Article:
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Blue sharks in the Western Mediterranean Sea

Jan 22, 2024

Blue sharks are threatened – as most shark species. However, basic information on the species in the Mediterranean are missing – population, habitat, migration…  — while this sea is specific, and its blue shark populations’ behaviour can’t be deduced by the others’. Argos can help in improving this knowledge.

The blue shark (Prionace glauca) is a highly migratory and wide-ranging shark. It is found in all tropical and temperate seas, including the Mediterranean Sea. The species is one of the most heavily fished shark species in the world  (see also Less oxygen in the ocean may mean more threats from fisheries for blue sharks about blue sharks in the Atlantic Ocean).

But basic information on the species in the Mediterranean are missing – population, habitat, migration…  In the meantime, the characteristics of this Sea makes it unique. Thus, blue shark spatial distribution of life stages can’t be deduced from other oceanic basins’ populations.

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Tracking blue sharks in the Mediterranean Sea

To answer these questions, thirty-nine blue sharks were equipped with satellite tags from July 2012 to May 2017 in three different areas of the Western Mediterranean and at different periods so as not to bias the sampling.

This project has been carried out in close collaboration with the fishing sector in France and in Spain.

Tracks of all the 39 tagged blue sharks
Tracks of all the 39 tagged blue sharks (Stellaris web site screenshot )

Sharks tracked over long periods swam deliberately in coastal waters, used the main currents for large movements, and stayed temporarily in some definite regions (Western Alboran Gyre, Eastern Alboran Gyre, Gulf of Lions).

None of them moved to the North Atlantic nor to the Eastern basin, thus showing absences of connectivity between those and the Western Mediterranean basin. In the meantime, the long-tracked blue sharked used a number of the seven defined regions of the Western basin (Ligurian Sea, Gulf of Lions, Balearic Sea, Alboran Sea), Algerian basin, Tyrrhenian Sea, and Convection region), thus showing a high connectivity within this basin.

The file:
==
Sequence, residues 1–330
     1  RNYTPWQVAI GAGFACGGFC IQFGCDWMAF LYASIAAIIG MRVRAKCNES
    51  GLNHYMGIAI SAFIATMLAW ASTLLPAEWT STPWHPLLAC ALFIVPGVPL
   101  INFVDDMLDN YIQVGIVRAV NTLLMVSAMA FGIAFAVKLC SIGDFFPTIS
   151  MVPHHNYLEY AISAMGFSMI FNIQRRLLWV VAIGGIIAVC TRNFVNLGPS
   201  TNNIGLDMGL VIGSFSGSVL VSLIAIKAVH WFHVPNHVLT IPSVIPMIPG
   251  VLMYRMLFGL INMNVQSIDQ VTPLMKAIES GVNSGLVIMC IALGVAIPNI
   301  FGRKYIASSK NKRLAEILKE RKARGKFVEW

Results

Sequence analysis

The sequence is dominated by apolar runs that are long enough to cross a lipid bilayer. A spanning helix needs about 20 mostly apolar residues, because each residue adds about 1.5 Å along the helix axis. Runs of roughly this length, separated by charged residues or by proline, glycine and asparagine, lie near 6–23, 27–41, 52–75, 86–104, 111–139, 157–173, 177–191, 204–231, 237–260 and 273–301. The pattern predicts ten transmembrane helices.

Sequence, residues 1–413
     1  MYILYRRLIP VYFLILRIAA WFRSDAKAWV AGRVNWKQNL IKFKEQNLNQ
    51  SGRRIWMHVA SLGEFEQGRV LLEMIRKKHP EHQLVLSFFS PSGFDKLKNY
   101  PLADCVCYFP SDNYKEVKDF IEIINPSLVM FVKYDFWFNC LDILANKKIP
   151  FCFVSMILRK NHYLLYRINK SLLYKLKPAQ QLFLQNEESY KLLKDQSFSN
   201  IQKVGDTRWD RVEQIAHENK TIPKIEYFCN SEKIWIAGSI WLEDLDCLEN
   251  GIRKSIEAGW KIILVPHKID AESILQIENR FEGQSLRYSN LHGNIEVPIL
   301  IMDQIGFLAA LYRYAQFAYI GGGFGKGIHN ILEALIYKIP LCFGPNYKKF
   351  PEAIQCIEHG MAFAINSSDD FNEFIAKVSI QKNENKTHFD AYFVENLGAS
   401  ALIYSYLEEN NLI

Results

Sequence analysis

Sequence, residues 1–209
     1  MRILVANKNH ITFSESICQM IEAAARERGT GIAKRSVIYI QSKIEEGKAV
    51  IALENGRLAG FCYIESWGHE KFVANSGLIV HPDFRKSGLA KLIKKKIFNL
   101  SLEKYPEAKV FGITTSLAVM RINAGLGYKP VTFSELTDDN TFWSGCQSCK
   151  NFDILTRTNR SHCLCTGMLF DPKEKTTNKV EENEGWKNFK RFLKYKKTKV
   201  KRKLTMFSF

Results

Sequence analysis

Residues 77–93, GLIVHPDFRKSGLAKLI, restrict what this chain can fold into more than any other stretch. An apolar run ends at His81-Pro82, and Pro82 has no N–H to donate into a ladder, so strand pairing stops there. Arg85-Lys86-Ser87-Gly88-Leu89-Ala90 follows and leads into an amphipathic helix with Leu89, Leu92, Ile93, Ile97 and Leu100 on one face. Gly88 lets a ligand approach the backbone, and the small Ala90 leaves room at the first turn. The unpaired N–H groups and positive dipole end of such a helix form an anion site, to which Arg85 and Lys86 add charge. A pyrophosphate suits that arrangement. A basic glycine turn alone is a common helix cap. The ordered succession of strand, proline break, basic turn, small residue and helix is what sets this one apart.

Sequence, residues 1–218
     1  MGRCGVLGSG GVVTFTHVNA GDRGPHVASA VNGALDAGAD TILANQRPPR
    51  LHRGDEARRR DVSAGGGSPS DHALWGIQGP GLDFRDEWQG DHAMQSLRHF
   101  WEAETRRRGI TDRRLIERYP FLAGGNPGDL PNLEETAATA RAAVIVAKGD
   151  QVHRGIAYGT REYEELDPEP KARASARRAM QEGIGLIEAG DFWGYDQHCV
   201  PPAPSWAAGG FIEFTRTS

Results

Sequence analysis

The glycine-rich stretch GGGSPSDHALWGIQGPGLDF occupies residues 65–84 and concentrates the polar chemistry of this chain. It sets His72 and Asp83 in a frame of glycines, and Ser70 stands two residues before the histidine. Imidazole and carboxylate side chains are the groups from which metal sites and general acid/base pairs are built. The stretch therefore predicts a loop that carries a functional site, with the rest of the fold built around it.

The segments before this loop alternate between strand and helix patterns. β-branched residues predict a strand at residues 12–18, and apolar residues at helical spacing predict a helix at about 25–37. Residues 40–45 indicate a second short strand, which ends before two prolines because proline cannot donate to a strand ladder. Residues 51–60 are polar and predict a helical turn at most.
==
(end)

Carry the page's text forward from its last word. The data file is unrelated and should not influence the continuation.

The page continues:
Those regions seem to play different roles in the blue shark life cycle, depending on their size/age and sex. For example, the Gulf of Lions seem to be the mating, parturition and nursery grounds, the northern Alboran Sea and the Tyrrhenian Sea overwintering areas for large juvenile females.

Further studies to better understand blue sharks’ behavior in the Western Mediterranean Sea

The fact that none of the tracked individuals went to the Eastern Mediterranean basin nor to the North Atlantic suggests that they have distinct stocks. More tracking would be needed to be sure of this. Tagging more adults and males would be needed to develop a sex- and size-specific migration model.

Previous studies pinpointed the youth of the blue sharks as their most vulnerable stage. Protecting them at this period, and thus protecting the nursery habitat could be a way of effectively protecting the species. As these are within the French exclusive economic zone, the regulations are up to France. Regulating fisheries is another possible approach.

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